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"No one knows anything." It's William Goldman's quote about Hollywood and the people who run it, but it might as well apply to the average, slapdick college fan versus "those-in-the-know" going into the college football season. Certain predictive shibboleths remain: USC's probably going to be really good, Texas will probably just barely miss another national title shot, and Bill Snyder will frown mightily and be in the film room 'til three. Those are pretty safe bets, especially since we're talking about teams, coaches, and the institutional changes that occur slowly over periods of many years.

This just in: Snyder to frown this season.
The real enigma comes in the form of players. Players are the weak link in any fan's tarot deck, since players are the least dependable variable in the equation: frustratingly unpredictable and human, they flake out, they get arrested, they get Lyme Disease or throw a beer keg at someone's head. Sometimes they just disappear for long stretches of the season. Sometimes they throw five picks versus Penn State and cause an old man to have a heart attack. Schemes and tendencies can be picked apart in the film room; players, and their very young, fragile psyches, often times escape analysis even on the plushest of psychologists' couches.

In Florida's case, the response of individual players to Urban Meyer's extreme makeover of the Gator program will dictate outcomes this year, and those individual outcomes will be maddeningly unpredictable from player to player.

A few of Florida's great mysteries this year:

1. DeShawn Wynn. We remember watching his scorching td run against Miami in 2002 and thinking that what a horrifying juggernaut of a runner he would be over the next four years. (Watching a running back that big pull away from 'Canes safeties made the hairs on the back of our hands stand up a little in the same, primeval way that hunting or almost getting into an accident does.) What followed was three years of inconsistency, slack work ethic, and injury as he watched Ran Carthon and Ciatrick Fason clamp down on the starters' slot. Wynn was one of Meyer's first targets for public needling, and responded well initially before flaking out and potentially getting himself suspended for the first game with an undisclosed rules violation. If Wynn stops the Janus act and stays in line for a whole season, he'll be on Cribs in two years showing off his hastily-decorated, flat-screen-bedecked InstaMansion. ("This is my Scarface room...") If not, he'll be practice-squadding it with Chris Doering. His choice.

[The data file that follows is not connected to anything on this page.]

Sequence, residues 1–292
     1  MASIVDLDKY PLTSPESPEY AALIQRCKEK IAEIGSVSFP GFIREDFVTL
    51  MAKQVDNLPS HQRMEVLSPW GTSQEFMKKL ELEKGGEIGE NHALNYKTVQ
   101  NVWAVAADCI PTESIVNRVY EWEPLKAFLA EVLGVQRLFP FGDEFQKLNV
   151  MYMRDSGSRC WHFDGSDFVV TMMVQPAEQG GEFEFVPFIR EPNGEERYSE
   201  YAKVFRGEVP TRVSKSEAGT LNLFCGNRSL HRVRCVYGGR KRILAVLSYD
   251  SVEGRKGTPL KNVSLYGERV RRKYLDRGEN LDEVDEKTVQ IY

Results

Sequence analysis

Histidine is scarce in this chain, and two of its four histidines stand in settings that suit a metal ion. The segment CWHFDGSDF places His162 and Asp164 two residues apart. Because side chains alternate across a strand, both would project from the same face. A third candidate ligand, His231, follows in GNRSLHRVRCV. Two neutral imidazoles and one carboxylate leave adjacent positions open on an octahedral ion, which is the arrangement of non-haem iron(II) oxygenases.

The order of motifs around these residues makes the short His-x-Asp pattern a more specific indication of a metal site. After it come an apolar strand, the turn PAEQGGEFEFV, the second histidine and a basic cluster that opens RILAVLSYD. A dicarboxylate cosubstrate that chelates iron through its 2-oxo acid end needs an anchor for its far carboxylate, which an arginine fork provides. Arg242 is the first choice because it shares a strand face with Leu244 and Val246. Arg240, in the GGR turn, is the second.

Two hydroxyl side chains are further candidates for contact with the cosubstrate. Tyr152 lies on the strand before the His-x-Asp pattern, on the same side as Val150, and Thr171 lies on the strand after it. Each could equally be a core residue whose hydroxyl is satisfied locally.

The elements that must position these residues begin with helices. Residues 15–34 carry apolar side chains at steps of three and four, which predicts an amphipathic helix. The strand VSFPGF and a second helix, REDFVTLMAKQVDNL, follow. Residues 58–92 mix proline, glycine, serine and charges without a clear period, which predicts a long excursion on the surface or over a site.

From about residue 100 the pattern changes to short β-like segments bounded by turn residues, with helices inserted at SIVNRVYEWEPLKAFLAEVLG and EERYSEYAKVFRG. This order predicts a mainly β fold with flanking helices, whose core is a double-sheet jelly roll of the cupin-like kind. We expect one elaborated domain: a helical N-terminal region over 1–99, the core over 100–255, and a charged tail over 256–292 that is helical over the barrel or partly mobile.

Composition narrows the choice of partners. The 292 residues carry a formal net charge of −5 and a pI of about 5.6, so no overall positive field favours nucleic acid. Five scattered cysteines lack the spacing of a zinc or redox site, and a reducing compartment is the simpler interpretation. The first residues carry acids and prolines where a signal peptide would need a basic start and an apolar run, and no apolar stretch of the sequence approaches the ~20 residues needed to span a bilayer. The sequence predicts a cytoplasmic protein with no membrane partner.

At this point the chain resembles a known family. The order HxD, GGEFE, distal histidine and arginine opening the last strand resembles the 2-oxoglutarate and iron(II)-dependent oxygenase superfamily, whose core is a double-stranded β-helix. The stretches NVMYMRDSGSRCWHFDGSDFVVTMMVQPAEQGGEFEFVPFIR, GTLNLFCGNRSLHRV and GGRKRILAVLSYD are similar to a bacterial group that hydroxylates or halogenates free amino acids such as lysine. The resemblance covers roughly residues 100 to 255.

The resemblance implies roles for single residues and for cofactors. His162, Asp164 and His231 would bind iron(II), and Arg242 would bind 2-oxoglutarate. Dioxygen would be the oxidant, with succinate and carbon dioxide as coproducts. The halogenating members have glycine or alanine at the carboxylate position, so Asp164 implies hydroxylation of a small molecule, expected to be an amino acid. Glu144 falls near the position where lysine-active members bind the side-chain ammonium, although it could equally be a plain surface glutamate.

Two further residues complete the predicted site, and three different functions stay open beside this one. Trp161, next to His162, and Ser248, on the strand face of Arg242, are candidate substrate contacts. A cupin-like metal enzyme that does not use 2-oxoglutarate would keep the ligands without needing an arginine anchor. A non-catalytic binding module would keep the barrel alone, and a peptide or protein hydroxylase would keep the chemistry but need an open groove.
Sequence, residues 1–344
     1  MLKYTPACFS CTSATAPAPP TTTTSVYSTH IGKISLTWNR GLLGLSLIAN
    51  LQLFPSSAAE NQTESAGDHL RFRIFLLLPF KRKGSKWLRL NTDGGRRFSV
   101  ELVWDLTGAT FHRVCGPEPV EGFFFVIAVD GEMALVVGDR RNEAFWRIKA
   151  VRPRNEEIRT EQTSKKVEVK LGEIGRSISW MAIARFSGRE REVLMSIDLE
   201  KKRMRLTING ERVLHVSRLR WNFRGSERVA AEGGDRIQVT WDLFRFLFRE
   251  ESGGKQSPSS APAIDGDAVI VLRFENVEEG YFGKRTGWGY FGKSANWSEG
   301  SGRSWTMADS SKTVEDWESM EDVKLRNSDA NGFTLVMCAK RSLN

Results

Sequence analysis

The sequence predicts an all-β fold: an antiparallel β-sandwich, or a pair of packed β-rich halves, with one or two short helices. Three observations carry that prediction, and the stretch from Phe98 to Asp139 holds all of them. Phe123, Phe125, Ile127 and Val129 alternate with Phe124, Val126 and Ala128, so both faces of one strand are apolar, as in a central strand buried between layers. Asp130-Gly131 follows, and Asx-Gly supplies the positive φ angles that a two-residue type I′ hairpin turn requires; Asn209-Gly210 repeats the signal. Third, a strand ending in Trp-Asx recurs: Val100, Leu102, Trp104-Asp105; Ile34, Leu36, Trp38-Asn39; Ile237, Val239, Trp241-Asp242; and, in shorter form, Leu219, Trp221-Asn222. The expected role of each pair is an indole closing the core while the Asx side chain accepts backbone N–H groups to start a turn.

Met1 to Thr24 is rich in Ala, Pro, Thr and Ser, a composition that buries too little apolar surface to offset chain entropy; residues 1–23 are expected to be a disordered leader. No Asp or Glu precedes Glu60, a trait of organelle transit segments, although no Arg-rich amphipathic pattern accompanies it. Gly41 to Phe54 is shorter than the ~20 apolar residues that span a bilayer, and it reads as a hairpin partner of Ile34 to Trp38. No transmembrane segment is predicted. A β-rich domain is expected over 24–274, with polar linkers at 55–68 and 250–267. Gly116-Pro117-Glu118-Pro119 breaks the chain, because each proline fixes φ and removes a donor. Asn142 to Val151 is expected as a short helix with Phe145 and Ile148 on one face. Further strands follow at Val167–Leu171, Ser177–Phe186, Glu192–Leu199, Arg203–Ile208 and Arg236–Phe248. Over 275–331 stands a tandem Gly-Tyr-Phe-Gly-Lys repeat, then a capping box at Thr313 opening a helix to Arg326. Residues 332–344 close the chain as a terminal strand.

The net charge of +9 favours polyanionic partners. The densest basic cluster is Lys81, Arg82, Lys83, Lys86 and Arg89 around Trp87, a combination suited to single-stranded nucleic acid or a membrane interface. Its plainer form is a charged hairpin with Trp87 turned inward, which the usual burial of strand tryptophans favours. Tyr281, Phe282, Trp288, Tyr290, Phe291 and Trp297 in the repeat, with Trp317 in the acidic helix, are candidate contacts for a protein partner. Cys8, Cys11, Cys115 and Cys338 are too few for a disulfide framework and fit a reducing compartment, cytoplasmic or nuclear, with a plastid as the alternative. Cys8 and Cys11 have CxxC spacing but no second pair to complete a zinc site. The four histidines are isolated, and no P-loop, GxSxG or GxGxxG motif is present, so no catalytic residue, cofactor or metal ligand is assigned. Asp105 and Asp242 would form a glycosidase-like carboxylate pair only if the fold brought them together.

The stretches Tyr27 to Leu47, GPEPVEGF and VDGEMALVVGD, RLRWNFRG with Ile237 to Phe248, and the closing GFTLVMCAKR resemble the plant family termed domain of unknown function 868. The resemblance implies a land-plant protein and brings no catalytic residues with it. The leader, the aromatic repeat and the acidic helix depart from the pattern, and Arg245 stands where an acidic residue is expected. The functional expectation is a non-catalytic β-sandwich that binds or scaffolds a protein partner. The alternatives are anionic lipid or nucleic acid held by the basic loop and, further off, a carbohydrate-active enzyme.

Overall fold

DeShawn, this bland but expensive house could be yours with a consistent season.

2. Dallas Baker...

The King of Spring, as Baker is known, seems to be on track for a fall appearance in a less regal but vital role as the second or third receiver on the Florida depth chart. Baker is freaky long--heh, heh--and has hands that could catch greased watermelons thrown from three stories up. Toolwise he's a Home Depot; headwise he's Big Lots. Dallas Baker of the phenomenal Orange and Blue Game (6 rec, 134 yds and 3 tds) is also the head-slapping personal foul monster from the 2004 UT game who posted 410 yds and 5 tds all of last year. Chad Jackson is rock steady in the number one slot, but Baker and other talented but streaky receivers like Jemalle Cornelius and Andre Caldwell will have to seize the myriad opportunities of the Meyer offense before a rising youngster like Nyan Boateng beats them to it.

Dallas Baker: long.

3. Ray McDonald. Not since Gerard "Big Money" Warren has a Gator lineman shown such sheer promise mixed with total apathy. At tackle McDonald had the power and the speed to dominate, but wore down as opponents pounded the undersized middle of the Gator D and took McDonald out of the equation by the middle of the third quarter. Tactics may have hurt him, but so did McDonald's erratic effort-sounds like Warren now, right?-earned him public criticism from Meyer. In one of the surprise moves of the spring, coaches moved McDonald to end, giving the Gator D line it's most intimidating outside pass rusher since Alex Brown and giving McDonald a chance to become the ravaging monster coaches think he should be. Like Wynn, could be on Cribs in a nouveau La Quinta showing off his escalade. Could also be Arena League-bound if he doesn't stay awake for the whole game. He's been so strong in practice that Meyer gave him the day off the other day, a good sign for those praying for a return to the days when UF's line was a draft pick buffet.

4. (Insert name at strong linebacker.) A recruiting hole that still needs plugging, the Sam backer is the key to the middle of the Gator defense with bludgers Earl Everett and Brandon Siler firmly locked into the Will and Mike spots. Brian Crum, Todd McCullough, and converted fullback Latsko are all taking turns on the strong side, with McCullough getting an edge thanks to his experience. (Being a 6'5" linebacker in a league that's going to see a little more passing this year probably helps, too.) Brian Crum is fantastically athletic, though, as evidenced by his Greg Lloyd physique and speed, and Billy Latsko's fullback mentality will probably make him an automatic goal-line substitution. No matter how it happens, the Frankenbacker approach has to meld in order for the linebacking corps to gel and shore up a run D that was pitifully generous at critical times last year.

Boi, this one's for you: Brian Crum, 1/3 of the UF Frankenbacker, is rizz-ipped.